By Amy Swearer & Lucas Drill
Contrary to the rhetoric of many gun control advocates, the Second Amendment’s protection of the individual right to keep and bear arms is not a malevolent, outdated barricade to peace that must be demolished or diminished in the name of public safety.
Rather, the Second Amendment is a fundamental part of the nation’s scheme of ordered liberty.
Firearms are used far more often in self-defense than in crime. According to a 2013 report by the Centers for Disease Control and Prevention, which compiled and analyzed various studies involving the defensive use of firearms, Americans use firearms in self-defense between 500,000 and 3 million times annually.
The agency’s own data indicates that approximately 1 million defensive gun uses likely occur every year, far outpacing the number of times guns are used to illegally kill or injure others.
Nevertheless, gun control proponents regularly promote policies such as limiting magazine capacity, banning commonly owned firearms, and restricting the number of firearms a law-abiding citizen may purchase at one time.
These policies not only fail to meaningfully address the underlying causes and mechanisms of gun-related violence, they also would hinder the ability of regular citizens to legally and effectively defend themselves and others.
Every month this year, we’ve reported on Americans who were forced to rely on their Second Amendment rights to defend themselves or their fellow citizens.
Here are some examples from the month of May that shed light on the importance of allowing law-abiding citizens to exercise the right to keep and bear arms:
May 1, Detroit. A 59-year-old woman defended herself and her home against three men who broke the security bars on her window. The woman called the police. Then, fearing for her life in the interim, she fired at the intruders. One intruder was wounded and all three fled.
May 5, Memphis. A woman called the police twice after spotting a man on her home security cameras who was walking suspiciously along the side of her house. Before officers could arrive, the man kicked down the woman’s door. He was met by a hail of gunfire from the woman and fled the scene wounded, eventually admitting himself to a hospital, where he was arrested.
May 7, Lumberton, North Carolina. Two would-be armed robbers confronted a 39-year-old man in an open garage in his own backyard. The man pulled his own firearm and exchanged gunfire with the two assailants and wounded one in the leg. Both were arrested, and one has been charged with assault with a deadly weapon with intent to kill.
May 9, Huntsville, Alabama. Two armed robbers confronted a 23-year-old concealed carry permit holder and his mother outside a grocery store. After one of the robbers pointed his gun at the mother, the permit holder drew and fired in her defense. The would-be robbers escaped the confrontation in a stolen vehicle and later were apprehended by police.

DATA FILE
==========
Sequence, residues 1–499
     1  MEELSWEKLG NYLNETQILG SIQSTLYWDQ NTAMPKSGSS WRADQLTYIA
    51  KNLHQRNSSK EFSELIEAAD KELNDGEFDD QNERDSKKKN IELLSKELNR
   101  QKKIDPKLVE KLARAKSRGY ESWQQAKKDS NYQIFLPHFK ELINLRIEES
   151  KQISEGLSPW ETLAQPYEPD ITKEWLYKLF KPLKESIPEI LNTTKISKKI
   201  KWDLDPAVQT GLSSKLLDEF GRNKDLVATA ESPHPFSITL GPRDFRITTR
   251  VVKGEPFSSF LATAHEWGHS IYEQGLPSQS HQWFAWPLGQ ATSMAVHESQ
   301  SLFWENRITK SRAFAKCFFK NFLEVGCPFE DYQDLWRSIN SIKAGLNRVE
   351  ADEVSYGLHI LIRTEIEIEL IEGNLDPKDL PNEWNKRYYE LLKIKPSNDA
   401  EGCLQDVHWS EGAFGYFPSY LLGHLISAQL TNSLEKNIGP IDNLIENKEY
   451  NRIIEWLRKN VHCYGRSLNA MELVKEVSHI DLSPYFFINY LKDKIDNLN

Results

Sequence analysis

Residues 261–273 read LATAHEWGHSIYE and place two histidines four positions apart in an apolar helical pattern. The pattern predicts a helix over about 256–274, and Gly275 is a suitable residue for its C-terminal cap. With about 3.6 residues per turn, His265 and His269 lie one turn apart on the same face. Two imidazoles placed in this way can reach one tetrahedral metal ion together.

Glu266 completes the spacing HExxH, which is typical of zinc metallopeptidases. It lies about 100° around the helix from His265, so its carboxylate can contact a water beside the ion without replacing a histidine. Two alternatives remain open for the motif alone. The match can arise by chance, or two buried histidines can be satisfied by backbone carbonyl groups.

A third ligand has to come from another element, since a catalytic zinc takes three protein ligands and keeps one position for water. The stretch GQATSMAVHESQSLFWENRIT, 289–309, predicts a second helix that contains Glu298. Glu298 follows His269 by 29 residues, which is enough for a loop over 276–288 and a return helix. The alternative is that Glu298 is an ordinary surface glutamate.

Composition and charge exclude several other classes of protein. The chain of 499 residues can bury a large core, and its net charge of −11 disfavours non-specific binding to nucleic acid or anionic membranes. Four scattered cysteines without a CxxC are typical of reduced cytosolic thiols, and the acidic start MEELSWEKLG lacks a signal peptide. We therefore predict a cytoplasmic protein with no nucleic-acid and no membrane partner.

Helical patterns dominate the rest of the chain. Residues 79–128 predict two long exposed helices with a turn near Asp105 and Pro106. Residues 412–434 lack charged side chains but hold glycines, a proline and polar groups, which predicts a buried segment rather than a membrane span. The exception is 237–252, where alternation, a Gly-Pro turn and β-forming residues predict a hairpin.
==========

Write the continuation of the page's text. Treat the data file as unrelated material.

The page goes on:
May 12, Lancaster, California. A father shot and killed a man who broke into his home through a window and entered an upstairs bedroom. The same man tried earlier to break into a different house, and the father feared for the safety of himself and his children.
May 14, Tallahassee, Florida. A homeowner found himself outnumbered—but not outgunned—by four armed assailants who had stolen his keys and broken into his home. Armed with a rifle, the homeowner fired approximately 25 rounds to defend his life and his property. The suspects returned fire, but ultimately fled the residence and were arrested by law enforcement.
May 20, Madison County, Indiana. A 25-year-old man involved in a series of altercations with his family returned one night to threaten family members with a shotgun for several hours. The man’s father retrieved his own gun and shot and wounded his unhinged son.
May 24, St. Paul, Minnesota. A concealed carry permit holder fired in self-defense toward a group of males who chased him after he parked his car. One assailant was struck, causing the group to retreat. After the incident, the permit holder immediately called police and waited for them to arrive.
May 25, Hudson, Florida. A mother with young children held a would-be intruder at gunpoint for an incredible 26 minutes while she waited for law enforcement to arrive. Although she’d called 911 three times, the first support to arrive was not a police officer, but an armed neighbor.
May 27, Chicago. A concealed carry permit holder shot and killed an armed man who approached him, gun drawn, in an alley. The permit holder was unharmed.
May 30, Houston. A woman defended herself from three armed men who forced their way into her home while unlawfully impersonating police officers. When the woman realized the intruders were not actually police officers and that one intruder had his firearm drawn, she retrieved her own gun. The fake cops fled after a brief shootout and later may have been involved in another shooting.
May 31, Las Vegas. Two brothers protected themselves and their home from an intruder who broke in and started a physical altercation. During the struggle, one of the brothers shot the intruder several times, killing him. A neighbor told the media, “It’s scary. You never know what could happen. … You’ve got to protect yourself at all times.”
These instances of defensive gun use show why the right to keep and bear arms is so critical to the security of a free state.
The Second Amendment is not a historical curiosity to be studied from afar, but a real and ongoing safeguard against crime and tyranny in lives of Americans.
Amy Swearer is a senior legal policy analyst at the Meese Center for Legal and Judicial Studies at The Heritage Foundation.